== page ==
My World Famous Risotto Recipe

I’m contributing risotto to Thanksgiving dinner, and I could not find my piece of paper with the recipe on it! Good thing I posted it online a couple of years ago. Here’s a repost of that post with not only the recipe but how I came to make the best risotto in the entire world.

People often ask me about this recipe because my risotto is FUCKING AMAZING. I keep telling them that the whole thing was a work in progress and the ability to make it exactly like mine depends on several factors, including location. But still, I am not one for keeping amazing food a secret.

First thing I will say is that anyone who doesn’t know jack about risotto should first find the Good Eats episode wherein Alton Brown explains how to make it. It’s called Do The Rice Thing. You don’t need to watch it so much for the recipe, but for his explanation of technique. I try to explain technique and people look at me funny.

The basic recipe comes from Alton, of course, and you can find it here. I do not put in asparagus and random wild mushrooms. I do not use dry white wine. I do not use onion, lemon zest, or nutmeg. I do use the rice, tho!

Here is my recipe, modified from Alton’s:

6 cups chicken or vegetable broth, stock or Pot Liquor
1 cup Barbadillo Oloroso Sherry
2 tablespoons unsalted butter/duck or bacon fat
Kosher salt and freshly ground black pepper
2 cups Arborio rice
1-2 cups mushrooms or anything you’d like to try
1 cup meat of some kind
2 ounces grated Pecorino Toscano Fresco

In an electric kettle or medium saucepan with a lid, combine broth and sherry and heat just to simmering. Keep warm. In a large 3 to 4-quart heavy saucepan over medium heat, melt the butter/fat. Add the rice and stir. Cook for 3 to 5 minutes or until the grains are translucent around the edges. Be careful not to allow the grains or the onions to brown.

Reduce the heat to low. Add enough of the sherry and broth just to cover the top of the rice. Stir or move the pan often, until the liquid is completely absorbed into rice. Once absorbed, add another amount of liquid just to cover the rice and continue stirring or moving as before. I usually have to pour in about 4 – 5 times. It should take approximately 35 to 40 minutes for all of the liquid to be absorbed.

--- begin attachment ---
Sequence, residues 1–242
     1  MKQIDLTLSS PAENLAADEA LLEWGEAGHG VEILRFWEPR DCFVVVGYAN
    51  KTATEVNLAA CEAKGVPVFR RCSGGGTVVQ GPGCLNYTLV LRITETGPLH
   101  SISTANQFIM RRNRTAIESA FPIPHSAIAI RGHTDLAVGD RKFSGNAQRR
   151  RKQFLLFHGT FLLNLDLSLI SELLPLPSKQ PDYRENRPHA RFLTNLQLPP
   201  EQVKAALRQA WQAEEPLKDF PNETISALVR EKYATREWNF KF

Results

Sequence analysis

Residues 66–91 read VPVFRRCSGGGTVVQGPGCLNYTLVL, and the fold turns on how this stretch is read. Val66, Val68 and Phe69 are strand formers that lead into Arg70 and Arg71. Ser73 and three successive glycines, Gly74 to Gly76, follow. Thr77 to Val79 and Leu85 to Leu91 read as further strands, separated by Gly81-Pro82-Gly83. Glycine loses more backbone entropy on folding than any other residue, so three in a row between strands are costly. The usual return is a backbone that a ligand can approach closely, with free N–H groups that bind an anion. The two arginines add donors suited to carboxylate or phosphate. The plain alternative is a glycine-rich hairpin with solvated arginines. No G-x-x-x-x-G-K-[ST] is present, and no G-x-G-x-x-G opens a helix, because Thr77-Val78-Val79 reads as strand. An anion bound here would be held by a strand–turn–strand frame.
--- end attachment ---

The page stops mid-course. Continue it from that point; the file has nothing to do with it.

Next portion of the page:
After the last addition of liquid has been mostly absorbed, add the mushrooms and whatever else and stir until risotto is creamy. Remove from the heat and stir in the cheese. Taste and then season, to taste, with salt and freshly ground black pepper.

Interested in the long journey between Alton’s recipe and mine? Continue reading “My World Famous Risotto Recipe”

5 Reasons To Support The Octavia E. Butler Memorial Scholarship

There are just two days left in the fundraiser for the Octavia E. Butler scholarship. Over on the Carl Brandon blog I provided folks with 5 excellent reasons to support the scholarship either by buying tickets to win an eReader or autographed book or buy donating directly (as Jeff Vandermeer just did). Here’s a taste:

3. from Rochita Loenen-Ruiz, 2009 Butler Scholar and Clarion West alum:

“I remember telling people about how receiving the Butler Scholarship made me feel like my dreams had been given wings. …[Without it], the chances of me attending Clarion West would have been close to zero.

To me, being given that scholarship was like receiving word that there were people who believed in me and in the stories that I had to tell. There were people who believed that what I had to say was something worth saying and something worth listening to. This knowledge inspires me even now that I am far away from all the beloved people who inspired me and who continue to inspire me. Each time I sit down to write, I think of the people who support the Butler scholarship and there aren’t enough words to say how thankful I am for you. You may not be aware of it, but in my darkest moments, the knowledge that you believed in me has kept me here.”

5. from Jeff Vandermeer, author and Clarion instructor:

“The Clarion workshop is important for reasons that go beyond the value of in-depth workshopping from six different experienced instructors and talks by other guests that provide talented beginners with the tools to improve their writing.